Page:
Our world is rapidly ageing. By 2050, our planet will be home to twice as many people aged 60 or more than there are today.
Earlier this month I spoke at an event to launch a new book - “Human Development and Global Institutions: Evolution, Impact, Reform” - by Richard Ponzio and Arunabha Ghosh (Routledge, London).
To most people, “development” is best measured by the quantity of change – like gains in average income, life expectancy, or years spent in school.
Mental health issues are a serious concern, and an area that is enormously underrecognized.
This year’s International Day of Democracy calls for more inclusive institutions and civic participation to promote peace and stability.
Throughout history, cities have been the main centres of learning, culture and innovation. It is not surprising that the world's most urban countries tend to be the richest and have the highest human development.
In a recent dialogue, members of civil society and governments explored the practical and political steps to leave no one behind through the experiences of those who are excluded.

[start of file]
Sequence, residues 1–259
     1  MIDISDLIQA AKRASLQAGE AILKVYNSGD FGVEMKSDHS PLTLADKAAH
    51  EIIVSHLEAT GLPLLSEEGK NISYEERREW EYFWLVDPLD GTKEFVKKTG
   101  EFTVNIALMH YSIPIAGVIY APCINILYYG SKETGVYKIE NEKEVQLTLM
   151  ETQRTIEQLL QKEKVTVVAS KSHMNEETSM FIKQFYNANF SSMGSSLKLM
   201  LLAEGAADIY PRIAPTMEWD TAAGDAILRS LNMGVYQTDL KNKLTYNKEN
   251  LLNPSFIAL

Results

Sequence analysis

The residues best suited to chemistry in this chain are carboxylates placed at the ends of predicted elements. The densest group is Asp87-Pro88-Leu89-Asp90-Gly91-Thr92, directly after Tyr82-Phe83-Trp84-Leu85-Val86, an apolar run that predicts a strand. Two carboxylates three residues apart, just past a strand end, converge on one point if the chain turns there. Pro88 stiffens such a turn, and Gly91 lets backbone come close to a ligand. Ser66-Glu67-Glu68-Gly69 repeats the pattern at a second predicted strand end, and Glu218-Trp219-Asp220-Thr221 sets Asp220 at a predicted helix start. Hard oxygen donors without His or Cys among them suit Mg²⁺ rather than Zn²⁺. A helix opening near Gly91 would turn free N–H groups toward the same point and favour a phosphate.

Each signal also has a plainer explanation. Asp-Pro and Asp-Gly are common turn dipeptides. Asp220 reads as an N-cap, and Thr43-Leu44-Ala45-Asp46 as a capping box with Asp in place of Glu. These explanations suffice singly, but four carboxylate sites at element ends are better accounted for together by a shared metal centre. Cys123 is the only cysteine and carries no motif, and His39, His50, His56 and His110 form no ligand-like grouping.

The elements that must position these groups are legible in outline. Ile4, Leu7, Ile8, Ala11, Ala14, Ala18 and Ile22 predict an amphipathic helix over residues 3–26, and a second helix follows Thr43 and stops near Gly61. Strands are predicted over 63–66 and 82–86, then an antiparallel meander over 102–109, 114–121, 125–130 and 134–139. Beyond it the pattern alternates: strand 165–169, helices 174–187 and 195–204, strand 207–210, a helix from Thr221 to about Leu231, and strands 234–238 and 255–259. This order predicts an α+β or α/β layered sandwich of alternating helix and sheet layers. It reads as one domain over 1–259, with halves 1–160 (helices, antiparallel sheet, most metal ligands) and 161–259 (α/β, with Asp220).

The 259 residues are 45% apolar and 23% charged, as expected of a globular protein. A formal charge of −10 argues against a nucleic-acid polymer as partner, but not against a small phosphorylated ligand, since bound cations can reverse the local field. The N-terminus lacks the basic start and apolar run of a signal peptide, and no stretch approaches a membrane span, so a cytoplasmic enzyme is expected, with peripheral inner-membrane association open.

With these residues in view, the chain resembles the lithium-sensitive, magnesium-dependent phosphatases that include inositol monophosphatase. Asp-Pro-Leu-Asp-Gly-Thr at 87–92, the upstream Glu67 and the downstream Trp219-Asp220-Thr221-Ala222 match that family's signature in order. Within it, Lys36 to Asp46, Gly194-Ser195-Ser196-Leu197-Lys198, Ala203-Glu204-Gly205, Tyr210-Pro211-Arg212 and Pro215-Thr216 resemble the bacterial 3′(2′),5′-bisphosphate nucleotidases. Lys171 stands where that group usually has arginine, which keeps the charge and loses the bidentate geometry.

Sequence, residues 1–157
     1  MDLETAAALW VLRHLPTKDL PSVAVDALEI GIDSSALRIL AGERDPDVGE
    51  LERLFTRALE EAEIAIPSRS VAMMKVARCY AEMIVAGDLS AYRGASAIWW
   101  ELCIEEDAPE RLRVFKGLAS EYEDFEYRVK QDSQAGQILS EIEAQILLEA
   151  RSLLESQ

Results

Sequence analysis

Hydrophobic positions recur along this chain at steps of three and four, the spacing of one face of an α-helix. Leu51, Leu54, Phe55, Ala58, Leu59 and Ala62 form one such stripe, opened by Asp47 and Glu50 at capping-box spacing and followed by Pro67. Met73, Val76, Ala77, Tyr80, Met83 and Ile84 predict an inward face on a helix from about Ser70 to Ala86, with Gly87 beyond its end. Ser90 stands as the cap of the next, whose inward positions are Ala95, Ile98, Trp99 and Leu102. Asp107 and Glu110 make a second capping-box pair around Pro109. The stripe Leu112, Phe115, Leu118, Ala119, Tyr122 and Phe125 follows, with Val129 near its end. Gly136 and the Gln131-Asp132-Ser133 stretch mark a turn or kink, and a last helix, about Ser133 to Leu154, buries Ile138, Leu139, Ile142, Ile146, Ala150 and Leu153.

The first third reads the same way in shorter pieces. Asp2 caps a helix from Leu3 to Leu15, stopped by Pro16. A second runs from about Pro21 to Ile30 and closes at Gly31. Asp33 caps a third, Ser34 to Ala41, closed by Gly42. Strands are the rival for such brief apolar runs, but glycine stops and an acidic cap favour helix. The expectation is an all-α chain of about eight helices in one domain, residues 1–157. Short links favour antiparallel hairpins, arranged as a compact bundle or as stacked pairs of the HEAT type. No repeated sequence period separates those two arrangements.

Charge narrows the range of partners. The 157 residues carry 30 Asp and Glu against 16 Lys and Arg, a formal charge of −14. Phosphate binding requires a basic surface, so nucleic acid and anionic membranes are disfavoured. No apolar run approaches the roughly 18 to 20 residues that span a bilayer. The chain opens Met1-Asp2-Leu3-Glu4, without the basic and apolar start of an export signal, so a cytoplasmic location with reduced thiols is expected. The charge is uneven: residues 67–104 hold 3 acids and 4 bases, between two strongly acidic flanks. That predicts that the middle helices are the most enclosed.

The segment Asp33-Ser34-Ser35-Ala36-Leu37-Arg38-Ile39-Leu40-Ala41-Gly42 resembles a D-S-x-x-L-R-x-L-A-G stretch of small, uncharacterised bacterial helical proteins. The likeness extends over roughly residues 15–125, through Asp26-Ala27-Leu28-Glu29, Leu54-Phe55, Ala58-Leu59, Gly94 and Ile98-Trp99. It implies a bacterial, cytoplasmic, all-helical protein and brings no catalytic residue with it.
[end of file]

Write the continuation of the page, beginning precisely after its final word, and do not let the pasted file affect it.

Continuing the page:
Spent time lately working on your long-term financial plan? Thought strategically about your career, the skills you need to learn and the contacts you need to make? No? You are not alone. To procrastinate, even ignoring important life matters, is human nature.
The human development approach has long emphasized the importance of good health as a constitutive element that is both of intrinsic and instrumental value for an individual’s ability to thrive.
Human dignity is inviolable. This principle has not changed since 1948 when it was formulated by the United Nations in the Universal Declaration of Human Rights. It does not stop at national borders and applies to everyone regardless of age, gender or religion.